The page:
Every Easter, children in several part of our planet rush around their homes and gardens searching for chocolate eggs and, for many families, Easter just isn’t Easter without the traditional egg hunt.
But why do we associate treasure hunts with Easter?
And, above all, why do we hide eggs at Easter?
We already know that, in many pre-Christian societies, eggs held associations with spring and new life. Early Christians adapted these beliefs, making the egg a symbol of the resurrection and the empty shell a metaphor for Jesus’ tomb.
In the medieval period, eating eggs was forbidden during Lent, the 40 day period before Easter.
As a result, on Easter Sunday, the fast ended with feasting and merriment, and eggs were considered an important part of these celebrations. This was especially true for poorer people who couldn’t afford meat. Eggs were also given to the church as Good Friday offerings, and villagers often gave eggs as gifts to the lord of the manor at Easter, but also royals got involved with this tradition too: in 1290 Edward I, King of England from 1272 to 1307, purchased 450 eggs to be decorated with colours or gold leaf and then distributed to his household.
The custom of the Easter egg hunt, however, comes from Germany.
Most credited sources suggest that its origins date back to the late 16th century, when the Protestant reformer Martin Luther organised egg hunts for his congregation. The men would hide the eggs for the women and children to find, and this was a nod to the story of the resurrection, in which the empty tomb was discovered by women.
In the German Lutheran tradition the Easter egg hunt is also linked to the Easter Bunny, or the Easter Hare, as he was originally known.
The first written reference to the Easter Hare was in 1682 in Georg Franck von Franckenau’s essay, De ovis paschalibus (literally “About Easter eggs”).
Links between hares and rabbits and Easter go back earlier in central Europe, as hares were associated with fertility and with the Virgin Mary, and sometimes appear in paintings of the Virgin and Christ Child, and also in illuminated manuscripts. Tradition had it that the hare would bring a basket of brightly painted eggs for all the children who had been good, and these would be hidden around the house and garden for the children to find.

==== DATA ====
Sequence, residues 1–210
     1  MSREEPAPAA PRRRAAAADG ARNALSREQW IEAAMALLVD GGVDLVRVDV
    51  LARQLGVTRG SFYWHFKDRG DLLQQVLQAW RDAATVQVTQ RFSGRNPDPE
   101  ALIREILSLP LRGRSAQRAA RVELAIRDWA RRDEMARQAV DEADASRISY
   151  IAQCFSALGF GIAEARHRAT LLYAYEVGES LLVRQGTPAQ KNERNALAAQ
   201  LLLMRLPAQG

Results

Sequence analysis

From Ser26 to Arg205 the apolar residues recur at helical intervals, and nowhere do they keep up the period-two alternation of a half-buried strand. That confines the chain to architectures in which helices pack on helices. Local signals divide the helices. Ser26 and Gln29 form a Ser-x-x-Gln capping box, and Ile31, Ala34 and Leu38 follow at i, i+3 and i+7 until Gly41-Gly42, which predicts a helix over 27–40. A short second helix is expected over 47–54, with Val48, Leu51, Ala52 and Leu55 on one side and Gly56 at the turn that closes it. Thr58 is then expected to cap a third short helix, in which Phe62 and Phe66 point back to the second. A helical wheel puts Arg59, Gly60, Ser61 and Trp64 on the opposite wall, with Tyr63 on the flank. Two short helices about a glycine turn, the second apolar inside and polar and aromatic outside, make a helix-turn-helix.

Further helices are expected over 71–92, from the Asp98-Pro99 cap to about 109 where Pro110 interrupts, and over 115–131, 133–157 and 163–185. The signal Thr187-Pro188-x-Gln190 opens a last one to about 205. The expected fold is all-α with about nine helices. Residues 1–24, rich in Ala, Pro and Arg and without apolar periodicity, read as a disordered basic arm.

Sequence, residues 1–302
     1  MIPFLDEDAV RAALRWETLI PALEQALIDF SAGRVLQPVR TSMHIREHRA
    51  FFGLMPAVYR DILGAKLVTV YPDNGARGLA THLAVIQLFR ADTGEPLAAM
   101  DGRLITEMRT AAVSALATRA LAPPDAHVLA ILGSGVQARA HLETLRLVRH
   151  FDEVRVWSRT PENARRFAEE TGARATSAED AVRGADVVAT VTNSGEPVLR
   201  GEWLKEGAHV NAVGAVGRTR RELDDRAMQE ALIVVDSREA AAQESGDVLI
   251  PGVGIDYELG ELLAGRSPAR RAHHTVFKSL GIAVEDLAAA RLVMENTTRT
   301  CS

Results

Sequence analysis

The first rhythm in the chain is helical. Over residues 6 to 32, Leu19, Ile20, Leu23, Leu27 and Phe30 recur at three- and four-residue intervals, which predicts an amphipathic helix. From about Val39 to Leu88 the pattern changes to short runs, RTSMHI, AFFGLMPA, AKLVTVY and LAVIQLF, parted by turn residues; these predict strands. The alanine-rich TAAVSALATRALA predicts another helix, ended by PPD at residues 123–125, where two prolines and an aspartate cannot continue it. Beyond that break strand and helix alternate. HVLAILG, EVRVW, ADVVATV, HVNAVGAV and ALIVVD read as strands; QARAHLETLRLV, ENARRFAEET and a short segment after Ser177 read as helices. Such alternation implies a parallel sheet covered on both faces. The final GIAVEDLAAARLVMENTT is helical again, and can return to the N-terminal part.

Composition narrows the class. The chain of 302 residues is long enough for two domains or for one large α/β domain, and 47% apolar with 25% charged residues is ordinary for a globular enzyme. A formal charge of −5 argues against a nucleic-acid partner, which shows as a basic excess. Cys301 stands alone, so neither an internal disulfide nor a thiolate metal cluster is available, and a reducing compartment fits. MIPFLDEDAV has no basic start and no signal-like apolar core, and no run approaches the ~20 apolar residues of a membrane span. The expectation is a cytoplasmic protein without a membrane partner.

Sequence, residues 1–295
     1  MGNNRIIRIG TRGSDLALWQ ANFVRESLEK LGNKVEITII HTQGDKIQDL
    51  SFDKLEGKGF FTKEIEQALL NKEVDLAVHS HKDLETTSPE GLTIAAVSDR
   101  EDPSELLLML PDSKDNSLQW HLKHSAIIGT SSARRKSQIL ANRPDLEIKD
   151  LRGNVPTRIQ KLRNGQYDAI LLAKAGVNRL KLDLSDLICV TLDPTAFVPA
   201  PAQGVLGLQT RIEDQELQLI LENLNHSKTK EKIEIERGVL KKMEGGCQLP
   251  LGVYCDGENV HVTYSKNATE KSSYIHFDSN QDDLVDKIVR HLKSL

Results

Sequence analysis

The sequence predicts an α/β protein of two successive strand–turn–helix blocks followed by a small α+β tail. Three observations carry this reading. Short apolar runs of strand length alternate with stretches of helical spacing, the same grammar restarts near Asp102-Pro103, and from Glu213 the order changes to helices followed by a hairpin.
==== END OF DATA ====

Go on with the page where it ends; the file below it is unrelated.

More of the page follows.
As a child, also the future Queen Victoria enjoyed egg hunts at Kensington Palace.
Eggs that were put on by her mother, the German-born Duchess of Kent. On Sunday 7 April 1833, the 14-year-old Princess Victoria wrote in her diary: “Mama did some pretty painted & ornamented eggs, & we looked for them”.
And thus Victoria and Albert continued this German tradition, hiding eggs for their own children to find on Maundy Thursday.
Albert was responsible for hiding the eggs, concealing them in little moss baskets, and hiding them around the palace, while Victoria made numerous references to these egg hunts in her journals, including in 1869 when she wrote: “After breakfast, the children, as usual on this day looked for Easter eggs”.
The royal family usually spent Easter at Windsor Castle, but in 1848 they stayed at Victoria’s holiday home at Osborne on the Isle of Wight.
Victoria wrote in her journal “During our breakfast & after, the Children hunted for Easter eggs, it being Maundy Thursday, & they were in the greatest delight.”
The eggs were probably hard-boiled and decorated, as was the custom at the time. The simplest way to colour eggs was to boil them with onion skins, which gave the shells a rich golden hue. Another technique was to wrap the egg in gorse flowers before boiling. This produced a delicate yellow and brown pattern.
Artificial eggs began to appear in London in the 1850s and, according to the Illustrated London News, had become popular by 1874, while chocolate eggs first appeared in France and Germany in the early 19th century. Apparently, in the UK it was Fry’s who produced the first chocolate Easter egg in 1873.
Despite the egg hunt had its origins in central Europe, Britain had its own egg-related Easter traditions.
In the north of England and in Scotland, for instance, the custom of decorating eggs, and giving them as presents, or using them to decorate the home goes back many centuries ago. Known as “pace-egging” from the Latin for Easter, pascha, it is first recorded in early-eighteenth century Lancashire, and by the early 19th century was popular across large parts of the country.
Egg rolling was also an Easter tradition in the north of Britain, particularly in Cumbria, where children came together from the 1790s to roll decorated eggs down grassy hills, while in the Edwardian period large crowds gathered each year at traditional egg rolling sites, like the castle moat at Penrith, Avenham Park in Preston or Arthur’s Seat in Edinburgh.
Easter eggs and the egg hunt became more popular in mainstream England in the Victorian Era, when people were also fascinated by old traditions. As a result, Easter moved away from being a primarily religious and communal celebration and became more centred on family, home and the pleasures of children.
A little bit like on modern days…